Milwaukee County Zoo Welcomes Second Red Panda


1_Red Panda Baby 07-2019-5765 E

The Milwaukee County Zoo announced the birth of a female Red Panda cub.

The new cub, named Kiki, was born June 7 to mother, Dr. Erin Curry, and father, Dash. This is the pair’s second cub; she is part of the Red Panda Species Survival Plan (SSP), which helps to maintain genetic diversity within Red Panda populations in AZA-accredited zoos. Dr. Erin is a very attentive mother, and Kiki is developing as expected.

Kiki weighed 160 grams two days after birth and, and at a little more than one month old, weighed approximately 906 grams. Her most recent reported weight was 1,192 grams at 46 days old.

3_Red Panda Baby 06-2019-4280 E (3 weeks)Photo Credits: Milwaukee County Zoo

Red Panda Milwaukee County Zoo Birth Announcement

Zookeepers comment that Kiki spends most of her time eating and sleeping, and that she’s “adorable.” She is currently developing off exhibit, but should be visible to guests at the Red Panda habitat sometime in September.

Blind for the first 21-to-31 days after birth, cubs are safely hidden in nests for the first 2 to 3 months. The Zoo’s new cub has relied on mom for milk, and will stay with her mother for about one year. Then, she’ll learn important life skills, such as hunting and climbing.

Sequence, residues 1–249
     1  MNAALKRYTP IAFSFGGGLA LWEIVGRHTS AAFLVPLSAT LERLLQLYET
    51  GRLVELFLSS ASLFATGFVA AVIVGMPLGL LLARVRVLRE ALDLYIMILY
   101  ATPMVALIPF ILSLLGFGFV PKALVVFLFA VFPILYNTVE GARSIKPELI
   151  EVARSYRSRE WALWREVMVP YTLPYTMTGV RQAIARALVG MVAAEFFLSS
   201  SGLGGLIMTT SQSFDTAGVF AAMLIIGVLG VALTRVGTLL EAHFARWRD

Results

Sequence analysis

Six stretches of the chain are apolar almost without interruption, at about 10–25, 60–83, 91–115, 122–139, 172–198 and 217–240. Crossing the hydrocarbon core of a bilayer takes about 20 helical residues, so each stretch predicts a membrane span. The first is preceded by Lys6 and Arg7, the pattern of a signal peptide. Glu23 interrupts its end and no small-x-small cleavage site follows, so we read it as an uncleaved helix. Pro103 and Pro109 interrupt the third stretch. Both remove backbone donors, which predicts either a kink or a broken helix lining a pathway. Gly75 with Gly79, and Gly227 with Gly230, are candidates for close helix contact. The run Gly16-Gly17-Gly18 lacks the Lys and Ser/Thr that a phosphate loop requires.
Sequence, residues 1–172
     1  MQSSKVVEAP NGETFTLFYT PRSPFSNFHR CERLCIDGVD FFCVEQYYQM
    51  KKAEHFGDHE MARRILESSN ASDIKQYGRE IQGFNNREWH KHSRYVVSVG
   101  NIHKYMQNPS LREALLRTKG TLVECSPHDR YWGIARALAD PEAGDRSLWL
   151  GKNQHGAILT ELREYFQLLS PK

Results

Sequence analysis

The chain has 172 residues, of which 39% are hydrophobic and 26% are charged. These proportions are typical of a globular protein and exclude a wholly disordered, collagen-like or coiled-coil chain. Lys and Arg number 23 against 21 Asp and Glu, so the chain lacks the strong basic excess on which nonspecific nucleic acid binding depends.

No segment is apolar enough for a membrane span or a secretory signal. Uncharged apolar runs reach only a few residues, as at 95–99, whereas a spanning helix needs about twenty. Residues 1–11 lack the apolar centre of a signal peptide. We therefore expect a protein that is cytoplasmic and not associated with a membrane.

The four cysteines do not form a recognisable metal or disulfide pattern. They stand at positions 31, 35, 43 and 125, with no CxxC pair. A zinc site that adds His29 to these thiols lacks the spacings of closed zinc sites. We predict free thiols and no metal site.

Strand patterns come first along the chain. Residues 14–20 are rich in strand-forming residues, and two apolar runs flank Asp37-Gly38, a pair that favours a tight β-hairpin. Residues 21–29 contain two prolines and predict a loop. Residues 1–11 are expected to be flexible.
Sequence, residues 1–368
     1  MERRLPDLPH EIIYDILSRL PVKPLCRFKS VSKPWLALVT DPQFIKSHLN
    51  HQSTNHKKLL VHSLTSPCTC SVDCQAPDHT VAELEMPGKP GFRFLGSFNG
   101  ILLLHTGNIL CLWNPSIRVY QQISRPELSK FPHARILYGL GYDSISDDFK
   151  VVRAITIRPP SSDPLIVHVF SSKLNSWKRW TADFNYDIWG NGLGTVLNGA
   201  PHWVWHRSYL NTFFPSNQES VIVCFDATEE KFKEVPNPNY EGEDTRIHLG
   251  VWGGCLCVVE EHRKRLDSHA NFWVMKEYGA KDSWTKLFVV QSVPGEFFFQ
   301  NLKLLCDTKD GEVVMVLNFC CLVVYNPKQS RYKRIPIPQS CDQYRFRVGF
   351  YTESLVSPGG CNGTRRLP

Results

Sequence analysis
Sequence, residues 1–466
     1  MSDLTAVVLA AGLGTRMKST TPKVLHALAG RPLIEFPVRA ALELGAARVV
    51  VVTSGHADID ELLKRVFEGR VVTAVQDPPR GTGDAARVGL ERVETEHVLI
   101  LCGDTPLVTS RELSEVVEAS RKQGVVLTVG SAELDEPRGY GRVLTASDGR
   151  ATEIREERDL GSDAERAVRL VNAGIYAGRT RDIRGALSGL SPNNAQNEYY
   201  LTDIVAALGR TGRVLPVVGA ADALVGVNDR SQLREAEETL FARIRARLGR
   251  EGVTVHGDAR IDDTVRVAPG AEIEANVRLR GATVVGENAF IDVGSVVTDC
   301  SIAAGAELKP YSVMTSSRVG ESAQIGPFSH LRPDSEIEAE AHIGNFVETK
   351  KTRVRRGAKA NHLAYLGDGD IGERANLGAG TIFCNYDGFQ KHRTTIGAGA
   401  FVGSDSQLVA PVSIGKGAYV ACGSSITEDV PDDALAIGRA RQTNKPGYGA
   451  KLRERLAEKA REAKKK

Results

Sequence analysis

Dr. Erin and Dash had their first cub, Dr. Lily Parkinson, in June 2018. Dr. Lily was the first Red Panda cub born at the Zoo. She was transferred to the Nashville Zoo last spring as recommended by the Red Panda SSP.

Red Pandas are easily identifiable by their reddish-brown color, white face markings and speckling of black around their ears and legs. They begin to get adult coloration at around 50 days old, which acts as a camouflage in their natural surroundings.

In the wild, they live in the mountains of Nepal, northern Myanmar and central China. Red Pandas are considered endangered due to deforestation, poaching, and trapping. Reliable population numbers are difficult to find due to their secretive nature, but it is estimated that only around 10,000 individuals exist in the wild. Because of this low number, every birth is very important.



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